Concepts inAn axiomatic basis for computer programming
Mathematical proof
In mathematics, a proof is a demonstration that if some fundamental statements are assumed to be true, then some mathematical statement is necessarily true. Proofs are obtained from deductive reasoning, rather than from inductive or empirical arguments; a proof must demonstrate that a statement is always true (occasionally by listing all possible cases and showing that it holds in each), rather than enumerate many confirmatory cases.
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Axiomatic system
In mathematics, an axiomatic system is any set of axioms from which some or all axioms can be used in conjunction to logically derive theorems. A mathematical theory consists of an axiomatic system and all its derived theorems. An axiomatic system that is completely described is a special kind of formal system; usually though the effort towards complete formalisation brings diminishing returns in certainty, and a lack of readability for humans.
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Axiom
An axiom is a premise or starting point of reasoning. As classically conceived, an axiom is a premise so evident as to be accepted as true without controversy. The word comes from the Greek ἀξίωμα 'that which is thought worthy or fit,' or 'that which commends itself as evident. ' As used in modern logic, an axiom is simply a premise or starting point for reasoning, and equivalent to what Aristotle calls a definition. Axioms define and delimit the realm of analysis.
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Rule of inference
In logic, a rule of inference, inference rule, or transformation rule is the act of drawing a conclusion based on the form of premises interpreted as a function which takes premises, analyses their syntax, and returns a conclusion. For example, the rule of inference modus ponens takes two premises, one in the form of "If p then q" and another in the form of "p" and returns the conclusion "q".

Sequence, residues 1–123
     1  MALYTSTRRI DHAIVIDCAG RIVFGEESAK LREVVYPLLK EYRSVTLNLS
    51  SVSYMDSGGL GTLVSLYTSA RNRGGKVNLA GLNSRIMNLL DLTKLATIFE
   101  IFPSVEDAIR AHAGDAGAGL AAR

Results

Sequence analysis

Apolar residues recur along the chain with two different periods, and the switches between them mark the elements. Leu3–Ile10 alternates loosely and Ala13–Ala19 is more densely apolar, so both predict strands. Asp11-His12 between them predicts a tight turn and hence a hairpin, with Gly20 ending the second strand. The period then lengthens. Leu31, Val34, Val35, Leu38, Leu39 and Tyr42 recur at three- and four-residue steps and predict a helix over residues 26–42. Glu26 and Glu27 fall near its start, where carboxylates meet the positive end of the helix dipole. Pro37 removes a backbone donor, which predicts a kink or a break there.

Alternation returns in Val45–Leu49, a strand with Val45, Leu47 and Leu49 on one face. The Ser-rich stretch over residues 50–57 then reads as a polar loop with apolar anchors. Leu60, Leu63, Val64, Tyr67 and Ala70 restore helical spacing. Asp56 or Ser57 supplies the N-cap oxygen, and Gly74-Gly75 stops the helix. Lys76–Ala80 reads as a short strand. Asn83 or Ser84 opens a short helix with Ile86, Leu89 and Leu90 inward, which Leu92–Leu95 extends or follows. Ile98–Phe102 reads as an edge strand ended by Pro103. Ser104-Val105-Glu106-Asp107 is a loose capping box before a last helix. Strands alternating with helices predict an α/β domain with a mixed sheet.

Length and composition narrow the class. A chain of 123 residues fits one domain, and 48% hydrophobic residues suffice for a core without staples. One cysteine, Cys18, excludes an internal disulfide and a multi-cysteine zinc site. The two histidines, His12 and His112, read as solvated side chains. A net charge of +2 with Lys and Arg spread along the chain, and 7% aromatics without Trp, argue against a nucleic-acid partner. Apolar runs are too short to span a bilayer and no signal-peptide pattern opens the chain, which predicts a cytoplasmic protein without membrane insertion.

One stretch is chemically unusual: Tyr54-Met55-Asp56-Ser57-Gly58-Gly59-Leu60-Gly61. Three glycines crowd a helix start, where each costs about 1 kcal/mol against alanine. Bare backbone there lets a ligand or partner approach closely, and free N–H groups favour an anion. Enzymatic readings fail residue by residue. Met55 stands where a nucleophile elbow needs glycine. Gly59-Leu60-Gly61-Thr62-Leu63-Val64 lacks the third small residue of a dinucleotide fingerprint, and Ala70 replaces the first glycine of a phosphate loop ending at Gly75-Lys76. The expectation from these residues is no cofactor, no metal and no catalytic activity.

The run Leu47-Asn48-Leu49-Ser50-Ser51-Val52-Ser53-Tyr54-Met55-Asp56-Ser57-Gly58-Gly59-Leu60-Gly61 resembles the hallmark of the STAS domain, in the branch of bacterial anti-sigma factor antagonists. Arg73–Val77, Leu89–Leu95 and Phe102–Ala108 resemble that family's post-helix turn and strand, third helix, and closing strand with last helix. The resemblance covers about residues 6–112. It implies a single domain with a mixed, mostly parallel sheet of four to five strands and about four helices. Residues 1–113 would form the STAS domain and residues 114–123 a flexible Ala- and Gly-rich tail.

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Formal proof
A formal proof or derivation is a finite sequence of sentences (called well-formed formulas in the case of a formal language) each of which is an axiom or follows from the preceding sentences in the sequence by a rule of inference. The last sentence in the sequence is a theorem of a formal system. The notion of theorem is not in general effective, therefore there may be no method by which we can always find a proof of a given sentence or determine that none exists.
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Set theory
Set theory is the branch of mathematics that studies sets, which are collections of objects. Although any type of object can be collected into a set, set theory is applied most often to objects that are relevant to mathematics. The language of set theory can be used in the definitions of nearly all mathematical objects. The modern study of set theory was initiated by Georg Cantor and Richard Dedekind in the 1870s.
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Theorem
In mathematics, a theorem is a statement that has been proven on the basis of previously established statements, such as other theorems, and previously accepted statements, such as axioms. The derivation of a theorem is often interpreted as a proof of the truth of the resulting expression, but different deductive systems can yield other interpretations, depending on the meanings of the derivation rules.
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Logic
Logic (from the Greek λογική logikē) is the philosophical study of valid reasoning. Logic is used in most intellectual activities, but is studied primarily in the disciplines of philosophy, mathematics, semantics, and computer science. It examines general forms that arguments may take, which forms are valid, and which are fallacies. In philosophy, the study of logic is applied in most major areas: metaphysics, ontology, epistemology, and ethics.
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